We know of Varnava’s love from a very young age of the church. There is that cute anecdote that tells of how in church on Sunday morning he soon tired of standing during the Liturgy. Becoming restless, he asked his father when the service would be over. “Now,” his father calmly told him.  Varnava waited obediently and patiently and asked again.  “Now” came the answer. He again waited and finally humbly asked “Daddy, when is now?”  He was already showing himself as a philosopher, as a theologian, and a lover of beauty of the church.

Everything that happens in the church is a miracle of God’s love and our cooperation.  Look how you have beautified St. Sava’s, with the installed new floor, carpet and lighting.   Thanks to all of you for taking care to beautify God’s house, under Fr. Marko’s leadership.  Each gift we offer or do out of love for God and His Church is acceptable and pleasing to God.

2.  The Cemetery Blessing

Varnava lived at a time in history where he was surrounded by wars and killings and death.  It’s no surprise that this always came up whenever he wrote someone.  “I not only hear voices of the living, but also greetings from the dead.  Greeting you are shadows of your forefathers whose shade falls on each foot of these bloody hills and  mountains.”

When we read the accounts of the early martyrs they speak of the great respect the faithful showed for those who had departed and were being buried.  That’s why we remember the departed continually in our church services.  We pray to God for their eternal rememberance.   With this cemetery, you here, though there are other cemeteries in the area, have chosen to declare your the love and connection between the the church and the departed.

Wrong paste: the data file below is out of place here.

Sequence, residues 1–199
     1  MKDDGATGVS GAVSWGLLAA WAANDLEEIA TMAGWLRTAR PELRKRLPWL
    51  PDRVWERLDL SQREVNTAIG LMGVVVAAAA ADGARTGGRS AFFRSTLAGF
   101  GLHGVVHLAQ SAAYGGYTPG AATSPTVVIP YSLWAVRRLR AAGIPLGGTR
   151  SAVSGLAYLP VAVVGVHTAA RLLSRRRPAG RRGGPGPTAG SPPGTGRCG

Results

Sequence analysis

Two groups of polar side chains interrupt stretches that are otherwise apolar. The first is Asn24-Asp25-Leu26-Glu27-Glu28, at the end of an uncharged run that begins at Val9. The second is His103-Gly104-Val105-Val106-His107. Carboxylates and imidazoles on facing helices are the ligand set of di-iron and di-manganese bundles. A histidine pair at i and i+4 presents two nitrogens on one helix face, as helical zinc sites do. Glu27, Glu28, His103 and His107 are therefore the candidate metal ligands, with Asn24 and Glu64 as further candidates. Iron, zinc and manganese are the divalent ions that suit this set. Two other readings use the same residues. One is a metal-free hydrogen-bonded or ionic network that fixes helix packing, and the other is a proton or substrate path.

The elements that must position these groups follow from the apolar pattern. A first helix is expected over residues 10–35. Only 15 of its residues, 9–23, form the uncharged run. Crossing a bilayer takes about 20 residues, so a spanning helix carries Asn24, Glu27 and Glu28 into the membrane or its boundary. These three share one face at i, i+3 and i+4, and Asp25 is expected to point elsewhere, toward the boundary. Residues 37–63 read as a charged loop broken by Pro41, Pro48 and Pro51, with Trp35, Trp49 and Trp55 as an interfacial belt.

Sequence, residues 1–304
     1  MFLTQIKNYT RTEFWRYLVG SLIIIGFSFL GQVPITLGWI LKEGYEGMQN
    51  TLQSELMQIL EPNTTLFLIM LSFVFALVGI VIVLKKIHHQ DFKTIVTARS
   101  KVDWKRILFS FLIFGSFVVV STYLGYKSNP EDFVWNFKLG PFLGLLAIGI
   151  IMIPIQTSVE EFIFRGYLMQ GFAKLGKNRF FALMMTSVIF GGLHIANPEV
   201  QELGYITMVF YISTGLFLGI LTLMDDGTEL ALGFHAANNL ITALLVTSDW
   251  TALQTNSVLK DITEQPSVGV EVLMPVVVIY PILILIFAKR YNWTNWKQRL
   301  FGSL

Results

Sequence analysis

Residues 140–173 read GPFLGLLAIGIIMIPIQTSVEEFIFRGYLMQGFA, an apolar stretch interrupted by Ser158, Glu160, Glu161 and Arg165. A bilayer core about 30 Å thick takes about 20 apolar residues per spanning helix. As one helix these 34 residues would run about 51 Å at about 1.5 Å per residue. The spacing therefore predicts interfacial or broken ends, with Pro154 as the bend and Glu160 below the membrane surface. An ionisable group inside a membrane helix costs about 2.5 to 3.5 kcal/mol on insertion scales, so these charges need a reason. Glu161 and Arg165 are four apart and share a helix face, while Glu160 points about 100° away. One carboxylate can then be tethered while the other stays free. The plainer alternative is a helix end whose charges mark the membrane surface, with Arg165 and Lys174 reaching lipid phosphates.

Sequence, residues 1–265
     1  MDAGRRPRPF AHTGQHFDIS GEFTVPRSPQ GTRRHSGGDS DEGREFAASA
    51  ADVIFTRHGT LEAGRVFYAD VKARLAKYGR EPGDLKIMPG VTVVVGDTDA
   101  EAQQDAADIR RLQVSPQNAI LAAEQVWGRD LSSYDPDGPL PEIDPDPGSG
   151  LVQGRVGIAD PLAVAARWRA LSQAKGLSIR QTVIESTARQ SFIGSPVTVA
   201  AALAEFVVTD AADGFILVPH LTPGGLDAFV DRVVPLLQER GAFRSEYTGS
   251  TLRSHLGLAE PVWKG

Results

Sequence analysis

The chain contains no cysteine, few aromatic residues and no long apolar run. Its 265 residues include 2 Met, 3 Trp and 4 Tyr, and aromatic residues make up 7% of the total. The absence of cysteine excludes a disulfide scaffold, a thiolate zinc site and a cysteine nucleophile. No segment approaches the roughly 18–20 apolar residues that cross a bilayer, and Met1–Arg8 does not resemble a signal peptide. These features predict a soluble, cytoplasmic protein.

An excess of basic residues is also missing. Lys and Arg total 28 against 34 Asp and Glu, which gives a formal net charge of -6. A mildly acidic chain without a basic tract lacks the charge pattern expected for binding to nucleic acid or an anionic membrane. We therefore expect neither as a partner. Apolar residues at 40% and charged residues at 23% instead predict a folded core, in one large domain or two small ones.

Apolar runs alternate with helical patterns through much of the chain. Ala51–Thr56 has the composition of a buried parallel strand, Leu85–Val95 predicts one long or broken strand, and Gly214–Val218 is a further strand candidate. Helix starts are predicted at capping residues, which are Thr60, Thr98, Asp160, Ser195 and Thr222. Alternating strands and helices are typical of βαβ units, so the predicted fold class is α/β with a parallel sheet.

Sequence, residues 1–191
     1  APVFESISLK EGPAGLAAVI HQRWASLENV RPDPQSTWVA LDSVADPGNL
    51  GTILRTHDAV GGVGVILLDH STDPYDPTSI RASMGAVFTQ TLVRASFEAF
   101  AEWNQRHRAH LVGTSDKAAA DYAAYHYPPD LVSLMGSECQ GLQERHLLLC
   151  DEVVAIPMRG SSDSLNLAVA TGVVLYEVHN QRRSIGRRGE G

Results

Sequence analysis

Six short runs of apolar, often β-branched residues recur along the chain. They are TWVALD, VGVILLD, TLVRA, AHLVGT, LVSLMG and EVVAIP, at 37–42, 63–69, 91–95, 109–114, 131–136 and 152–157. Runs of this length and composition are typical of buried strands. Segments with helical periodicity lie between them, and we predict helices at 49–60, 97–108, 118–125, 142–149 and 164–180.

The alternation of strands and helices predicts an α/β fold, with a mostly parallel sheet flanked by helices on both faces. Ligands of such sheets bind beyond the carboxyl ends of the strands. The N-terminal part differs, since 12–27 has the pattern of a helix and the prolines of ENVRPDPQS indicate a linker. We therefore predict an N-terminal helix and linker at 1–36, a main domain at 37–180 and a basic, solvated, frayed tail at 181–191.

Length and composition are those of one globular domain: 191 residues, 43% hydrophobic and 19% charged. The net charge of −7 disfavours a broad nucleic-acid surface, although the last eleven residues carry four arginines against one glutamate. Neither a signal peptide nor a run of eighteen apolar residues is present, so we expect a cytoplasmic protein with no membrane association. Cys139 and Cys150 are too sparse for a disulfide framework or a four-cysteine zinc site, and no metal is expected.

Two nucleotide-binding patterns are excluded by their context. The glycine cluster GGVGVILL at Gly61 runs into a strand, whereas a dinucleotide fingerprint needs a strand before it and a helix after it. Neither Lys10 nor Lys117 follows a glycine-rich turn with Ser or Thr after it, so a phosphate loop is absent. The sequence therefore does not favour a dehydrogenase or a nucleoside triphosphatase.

This is a tradition that you rarely see anymore, except is the old churches in Europe and some here in America.  They always had a cemetery in back or on the side of the church, to show that the departed also are a part of our Church body, the Body of Christ.

Those responsible for this project are to be commended.  Especially we are happy that it will be open to all Orthodox.

3.  Finally the Museum

Varnava was so immersed in living history, that he referred to historic events as  everyday events in his  letters, and all this through the backdrop of Serbian history.  He says, “Do not forget that you are the offspring of the Prince of Kosovo, who sacrificed the earthly to gain the heavenly.  Do not forget either that you are the children of a nation that does not possess anything great for which it hasn’t paid the price of great sacrifice.”

Several years ago the Historical Society of St. Sava established a museum here.  St. Varnava is their Patron.  Over the years  we have seen wonderful exhibits highlighting  – Serbs in the Steels Mills, Serbian Weddings, Serbian Sisters Circle, Serbs in Sports, Serbs in the Military and many others.  When we preserve our history, then we have something that we can hand down to our children to build on for the future.

Continuing a mission

We all know that the saints are alive in Christ and they are here with us constantly whenever we need their help. You at St. Sava’s are living examples of this, through the recent projects of your church.  You have connected with St. Varnava in a unique way.  St. Varnava has you here continuing his work, in preserving the beauty of the church, protecting the history of the parish and people, and respecting those who have departed in a most important way.  You have continued his mission.

There’s still a lot more out there to do, to develop.  May we all strive to be numbered with God’s saints one day, and let’s fulfill the words we pray at every Divine Liturgy:  “With all the saints, let us commend ourselves and each other, and our whole life unto Christ our God.”